This survey of over 5,400 managers looked at 342 criteria and concluded that self-satisfaction poses the biggest risk for Germany. Who should we blame for this, if not management? It was hard for me to suppress this thought of blame, as I listened to the head of innovation at one of the big pharma corporations in Germany telling me that the latest innovation they had just patented would be a guaranteed cash cow for the next decade, and that they could now enjoy a hiatus in the development pipeline for a while.

“Because anyone who does not watch the market, will stop seeking out opportunities and new paths, and forget to pursue that which secures the future.”

What would happen if they really went through with this? 

That would be disastrous – because anyone who does not watch the market, will stop seeking out opportunities and new paths, and forget to pursue that which secures the future. Hence, the first priority of management is to incite ambitions in this arena.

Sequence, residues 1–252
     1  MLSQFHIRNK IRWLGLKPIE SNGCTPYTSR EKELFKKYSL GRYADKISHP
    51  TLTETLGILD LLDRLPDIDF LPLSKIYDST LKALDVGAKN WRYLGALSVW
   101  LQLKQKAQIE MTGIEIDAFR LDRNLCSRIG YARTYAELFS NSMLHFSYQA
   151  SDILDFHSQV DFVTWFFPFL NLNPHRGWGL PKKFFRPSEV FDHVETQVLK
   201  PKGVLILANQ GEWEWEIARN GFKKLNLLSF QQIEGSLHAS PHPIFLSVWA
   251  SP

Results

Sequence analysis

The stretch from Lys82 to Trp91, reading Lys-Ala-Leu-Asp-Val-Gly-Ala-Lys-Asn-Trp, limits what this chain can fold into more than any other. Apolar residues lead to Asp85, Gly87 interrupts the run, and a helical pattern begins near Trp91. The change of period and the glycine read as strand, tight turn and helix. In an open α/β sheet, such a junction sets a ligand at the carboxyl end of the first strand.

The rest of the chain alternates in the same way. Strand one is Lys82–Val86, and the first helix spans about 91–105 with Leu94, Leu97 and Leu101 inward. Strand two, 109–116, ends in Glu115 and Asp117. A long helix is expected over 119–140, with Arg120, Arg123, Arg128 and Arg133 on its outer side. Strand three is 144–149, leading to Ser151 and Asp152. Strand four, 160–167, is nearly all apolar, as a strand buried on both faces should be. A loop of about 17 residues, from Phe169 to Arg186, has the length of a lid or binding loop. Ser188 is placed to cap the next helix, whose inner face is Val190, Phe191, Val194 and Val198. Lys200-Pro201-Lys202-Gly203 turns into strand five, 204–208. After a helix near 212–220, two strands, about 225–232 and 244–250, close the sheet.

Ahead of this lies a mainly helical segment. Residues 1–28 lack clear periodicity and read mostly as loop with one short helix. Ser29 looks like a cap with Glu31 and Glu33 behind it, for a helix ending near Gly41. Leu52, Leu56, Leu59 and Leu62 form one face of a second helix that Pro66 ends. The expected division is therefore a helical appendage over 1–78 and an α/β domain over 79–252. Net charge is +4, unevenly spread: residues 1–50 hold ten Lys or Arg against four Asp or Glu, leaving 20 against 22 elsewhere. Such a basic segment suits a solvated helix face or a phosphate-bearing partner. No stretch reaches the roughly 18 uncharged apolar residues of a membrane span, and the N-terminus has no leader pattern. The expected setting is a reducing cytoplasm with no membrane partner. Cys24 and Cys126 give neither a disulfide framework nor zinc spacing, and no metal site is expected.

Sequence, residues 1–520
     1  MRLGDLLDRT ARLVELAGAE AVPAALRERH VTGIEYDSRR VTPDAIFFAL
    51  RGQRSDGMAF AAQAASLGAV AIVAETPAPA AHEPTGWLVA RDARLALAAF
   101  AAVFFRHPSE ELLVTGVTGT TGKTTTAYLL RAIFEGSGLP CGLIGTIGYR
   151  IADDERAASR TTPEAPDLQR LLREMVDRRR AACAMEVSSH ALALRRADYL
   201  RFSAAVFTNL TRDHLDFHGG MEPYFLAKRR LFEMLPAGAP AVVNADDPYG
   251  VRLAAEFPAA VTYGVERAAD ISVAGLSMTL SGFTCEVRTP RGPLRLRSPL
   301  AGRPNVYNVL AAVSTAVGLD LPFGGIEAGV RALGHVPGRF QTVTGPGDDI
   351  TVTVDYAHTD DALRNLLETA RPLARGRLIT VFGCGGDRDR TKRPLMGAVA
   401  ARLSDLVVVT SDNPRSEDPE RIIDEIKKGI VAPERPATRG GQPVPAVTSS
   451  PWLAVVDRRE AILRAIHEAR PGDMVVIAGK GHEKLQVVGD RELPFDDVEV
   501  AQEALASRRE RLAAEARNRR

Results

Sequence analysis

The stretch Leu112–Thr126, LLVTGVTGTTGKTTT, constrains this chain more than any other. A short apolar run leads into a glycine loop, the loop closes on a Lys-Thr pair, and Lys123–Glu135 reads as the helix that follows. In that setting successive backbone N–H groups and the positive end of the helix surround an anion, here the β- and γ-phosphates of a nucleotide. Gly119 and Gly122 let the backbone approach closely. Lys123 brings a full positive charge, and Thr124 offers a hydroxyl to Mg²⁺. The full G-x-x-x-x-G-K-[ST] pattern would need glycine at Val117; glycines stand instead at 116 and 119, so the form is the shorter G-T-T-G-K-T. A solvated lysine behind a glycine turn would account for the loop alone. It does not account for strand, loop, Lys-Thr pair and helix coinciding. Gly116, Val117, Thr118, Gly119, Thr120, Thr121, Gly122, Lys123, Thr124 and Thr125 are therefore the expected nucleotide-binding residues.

Where should companies be driven at the moment?

A side comment to start with about how risk-averse thinking is increasingly replacing entrepreneurship: when working for corporations and SMEs, we find that many start-ups seek security under the roof of big companies. They give up their agility, freedom of choice, and quite often their vision too by tying up with powerful, oppressive organizations. Start-ups in the U.S., especially in Silicon Valley, are different: they believe in their dynamism, and are convinced that only they can determine how to stay ahead of the pack. There’s no need to compare figures to realize where ambition and entrepreneurial spirit are greater.

Like in the U.S?